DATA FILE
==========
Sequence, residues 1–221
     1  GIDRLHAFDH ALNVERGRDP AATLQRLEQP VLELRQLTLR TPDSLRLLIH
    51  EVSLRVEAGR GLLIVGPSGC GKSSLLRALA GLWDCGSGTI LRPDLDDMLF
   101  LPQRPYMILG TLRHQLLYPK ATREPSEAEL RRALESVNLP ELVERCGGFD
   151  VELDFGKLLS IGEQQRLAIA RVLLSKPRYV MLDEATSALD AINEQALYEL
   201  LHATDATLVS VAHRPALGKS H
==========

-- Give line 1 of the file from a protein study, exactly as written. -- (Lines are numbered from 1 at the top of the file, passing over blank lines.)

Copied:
Sequence, residues 1–221